From Lagos to Interlochen: Nigerian Actor is Lead in Production of Othello

It took a while for Ademide Akintillo to come to terms with his role in Shakespeare’s “Othello.” “He is someone who is very opposite from my own personality; he’s large and powerful and can make an audience stop in their tracks. I am more quiet and reserved,” said Ademide. But the more he explored the character, the more he found that he could relate to him, ultimately giving a striking performance of one of Western theatre's most enduring classics.
 
David Montee, instructor of theatre at the Arts Academy, had wanted to do a production of “Othello” for years but waited for the right actor to play the part. “We needed someone who fit its steep emotional and technical demands as well as someone who has been here in our program for the appropriate amount of time for the proper preparation.” As a four-year student with a unique background, Ademide fit the bill. “He's gifted with a beautiful speaking voice and a surprising depth of emotional resources.” 

It was an unlikely journey for the Nigerian-born actor who began his acting career under the guidance of a middle school band teacher, who also ran an extra-curricular theatre club. Ademide played snare drum and xylophone in band but it was his acting that caught the attention of his teacher. After playing Snoopy in “You’re a Good Man Charlie Brown” and Scrooge in “A Christmas Carol,” his teacher suggested that he look into Interlochen.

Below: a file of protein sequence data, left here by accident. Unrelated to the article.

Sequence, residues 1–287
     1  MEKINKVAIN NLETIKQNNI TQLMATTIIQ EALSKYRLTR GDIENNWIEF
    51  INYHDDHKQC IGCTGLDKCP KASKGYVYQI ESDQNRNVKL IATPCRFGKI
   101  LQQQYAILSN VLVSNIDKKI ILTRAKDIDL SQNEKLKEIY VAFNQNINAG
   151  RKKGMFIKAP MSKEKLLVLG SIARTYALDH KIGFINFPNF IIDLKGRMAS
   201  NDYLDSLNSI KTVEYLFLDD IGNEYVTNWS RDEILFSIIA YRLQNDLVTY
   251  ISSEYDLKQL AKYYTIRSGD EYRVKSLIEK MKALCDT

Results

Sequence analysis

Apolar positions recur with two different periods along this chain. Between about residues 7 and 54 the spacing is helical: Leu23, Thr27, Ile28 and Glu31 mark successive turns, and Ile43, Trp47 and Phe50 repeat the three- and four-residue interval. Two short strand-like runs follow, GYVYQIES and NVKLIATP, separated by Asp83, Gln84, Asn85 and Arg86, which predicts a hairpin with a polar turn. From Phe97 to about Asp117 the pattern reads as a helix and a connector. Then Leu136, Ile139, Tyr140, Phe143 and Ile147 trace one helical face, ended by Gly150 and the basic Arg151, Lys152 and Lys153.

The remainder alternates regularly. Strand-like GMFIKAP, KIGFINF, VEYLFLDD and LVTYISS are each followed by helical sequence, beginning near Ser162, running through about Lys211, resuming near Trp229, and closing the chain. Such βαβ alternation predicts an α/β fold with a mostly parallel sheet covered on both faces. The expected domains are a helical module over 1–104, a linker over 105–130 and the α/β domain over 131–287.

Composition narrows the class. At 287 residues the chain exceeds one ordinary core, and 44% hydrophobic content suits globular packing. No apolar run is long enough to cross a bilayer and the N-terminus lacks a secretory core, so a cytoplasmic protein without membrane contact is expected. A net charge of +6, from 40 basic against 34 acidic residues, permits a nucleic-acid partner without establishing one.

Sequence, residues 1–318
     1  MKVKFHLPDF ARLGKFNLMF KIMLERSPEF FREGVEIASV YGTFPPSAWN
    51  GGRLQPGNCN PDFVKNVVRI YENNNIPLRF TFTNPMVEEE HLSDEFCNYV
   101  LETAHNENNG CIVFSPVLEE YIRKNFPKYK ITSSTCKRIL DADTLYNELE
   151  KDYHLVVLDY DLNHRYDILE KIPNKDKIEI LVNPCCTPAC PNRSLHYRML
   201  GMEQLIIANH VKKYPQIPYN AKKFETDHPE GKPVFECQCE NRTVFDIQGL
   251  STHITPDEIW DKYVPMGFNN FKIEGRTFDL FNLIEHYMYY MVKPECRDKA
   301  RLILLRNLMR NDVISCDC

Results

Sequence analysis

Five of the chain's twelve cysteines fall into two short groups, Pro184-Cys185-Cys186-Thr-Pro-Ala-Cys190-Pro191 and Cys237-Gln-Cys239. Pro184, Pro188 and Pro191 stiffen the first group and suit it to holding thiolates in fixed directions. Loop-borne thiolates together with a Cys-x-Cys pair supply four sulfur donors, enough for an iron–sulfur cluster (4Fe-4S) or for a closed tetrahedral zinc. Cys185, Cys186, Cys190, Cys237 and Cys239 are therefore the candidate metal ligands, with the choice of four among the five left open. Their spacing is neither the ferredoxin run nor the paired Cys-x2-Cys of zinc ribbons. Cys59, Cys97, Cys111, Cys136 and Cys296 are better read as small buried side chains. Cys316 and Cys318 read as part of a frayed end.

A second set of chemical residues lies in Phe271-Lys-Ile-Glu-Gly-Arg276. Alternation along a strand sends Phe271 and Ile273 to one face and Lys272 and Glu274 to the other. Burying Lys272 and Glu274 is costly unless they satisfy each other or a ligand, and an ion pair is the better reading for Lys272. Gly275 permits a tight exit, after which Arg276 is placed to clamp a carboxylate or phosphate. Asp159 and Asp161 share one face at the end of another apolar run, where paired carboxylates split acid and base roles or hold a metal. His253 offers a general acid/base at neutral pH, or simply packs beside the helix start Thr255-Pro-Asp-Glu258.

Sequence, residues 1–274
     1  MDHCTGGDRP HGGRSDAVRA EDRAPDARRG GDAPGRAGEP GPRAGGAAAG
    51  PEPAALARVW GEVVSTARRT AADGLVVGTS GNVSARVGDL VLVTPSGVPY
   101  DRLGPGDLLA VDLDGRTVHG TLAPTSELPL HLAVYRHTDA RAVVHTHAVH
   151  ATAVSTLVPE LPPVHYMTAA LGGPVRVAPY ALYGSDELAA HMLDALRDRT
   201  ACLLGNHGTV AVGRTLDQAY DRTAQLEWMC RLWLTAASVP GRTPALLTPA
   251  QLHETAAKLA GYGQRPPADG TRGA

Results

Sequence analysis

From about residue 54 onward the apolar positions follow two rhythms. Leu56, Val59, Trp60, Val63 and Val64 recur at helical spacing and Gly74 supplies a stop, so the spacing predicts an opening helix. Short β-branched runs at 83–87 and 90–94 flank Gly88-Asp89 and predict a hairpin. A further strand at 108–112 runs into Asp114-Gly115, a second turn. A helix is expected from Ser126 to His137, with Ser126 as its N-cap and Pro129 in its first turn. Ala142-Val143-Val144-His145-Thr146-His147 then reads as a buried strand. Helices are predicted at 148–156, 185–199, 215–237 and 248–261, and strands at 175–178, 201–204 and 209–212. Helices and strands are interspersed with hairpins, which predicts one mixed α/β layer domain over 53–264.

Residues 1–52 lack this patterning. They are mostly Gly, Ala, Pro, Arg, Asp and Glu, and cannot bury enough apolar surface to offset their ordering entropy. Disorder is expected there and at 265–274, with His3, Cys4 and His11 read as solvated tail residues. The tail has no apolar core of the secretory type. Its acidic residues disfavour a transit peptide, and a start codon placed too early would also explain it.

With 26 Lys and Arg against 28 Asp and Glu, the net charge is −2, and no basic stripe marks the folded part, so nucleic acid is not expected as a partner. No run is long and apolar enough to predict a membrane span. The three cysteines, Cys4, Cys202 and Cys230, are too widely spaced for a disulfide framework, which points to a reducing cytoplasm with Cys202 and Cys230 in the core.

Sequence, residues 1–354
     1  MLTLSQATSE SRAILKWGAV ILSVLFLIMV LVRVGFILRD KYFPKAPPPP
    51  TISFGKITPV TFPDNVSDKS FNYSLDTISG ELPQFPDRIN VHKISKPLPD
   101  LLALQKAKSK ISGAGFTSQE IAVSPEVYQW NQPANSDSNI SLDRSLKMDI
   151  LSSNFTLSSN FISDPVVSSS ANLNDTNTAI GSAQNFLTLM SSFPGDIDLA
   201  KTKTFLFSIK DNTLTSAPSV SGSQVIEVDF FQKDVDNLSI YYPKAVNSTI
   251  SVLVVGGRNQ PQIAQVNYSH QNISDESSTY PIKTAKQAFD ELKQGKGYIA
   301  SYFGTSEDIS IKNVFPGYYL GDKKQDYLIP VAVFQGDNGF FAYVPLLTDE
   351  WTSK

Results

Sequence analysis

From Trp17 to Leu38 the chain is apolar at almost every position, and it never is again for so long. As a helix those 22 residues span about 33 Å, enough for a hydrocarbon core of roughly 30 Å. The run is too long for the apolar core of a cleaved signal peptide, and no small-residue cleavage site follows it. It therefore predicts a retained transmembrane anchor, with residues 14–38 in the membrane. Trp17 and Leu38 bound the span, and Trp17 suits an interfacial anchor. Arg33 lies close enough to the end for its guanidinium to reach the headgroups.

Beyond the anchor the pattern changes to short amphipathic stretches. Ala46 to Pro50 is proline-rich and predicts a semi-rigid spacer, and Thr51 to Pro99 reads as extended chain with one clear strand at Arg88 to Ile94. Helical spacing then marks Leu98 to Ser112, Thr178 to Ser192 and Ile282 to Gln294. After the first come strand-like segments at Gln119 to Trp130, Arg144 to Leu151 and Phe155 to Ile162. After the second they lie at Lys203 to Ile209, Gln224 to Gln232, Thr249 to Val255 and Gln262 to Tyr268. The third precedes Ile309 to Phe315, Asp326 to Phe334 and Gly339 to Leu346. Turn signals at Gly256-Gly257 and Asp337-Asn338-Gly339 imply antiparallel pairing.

“I first worked with Ademide as a freshman, and it is remarkable to see the growth he has exhibited in his time at Interlochen,” said Bill Church, director of the theatre program. “He has developed into a young actor capable of taking on one of Shakespeare's most memorable roles. Ademide's riveting performance as Othello was a testament to his hard work and dedication over the past four years.” 

Coming to the United States was not unexpected for Ademide, whose siblings also studied in the U.S. But despite his deep familiarity with the United States he, like anyone who has lived in a foreign country, is often reminded of the differences between cultures. “I have a sense of pride about being the only Nigerian at the Academy but its also intimidating: there is still so much about American culture that I am clueless about: how some things work and how people communicate.” But for Ademide, this experience gave him deeper insight for his role in “Othello.” 

“Working with Ademide alongside the rest of a very talented cast and design team made ‘Othello’ a grand directing experience after my year's sabbatical leave,” noted Montee. “I've now directed 17 Shakespeare productions at Interlochen - nearly half the accepted canon - and I think this was one of the best.”  

Ademide is still in the final stages of his college search but hopes to stay in the United States to pursue a bachelor’s degree in acting. He hopes to perform on stage or as a voice actor. 

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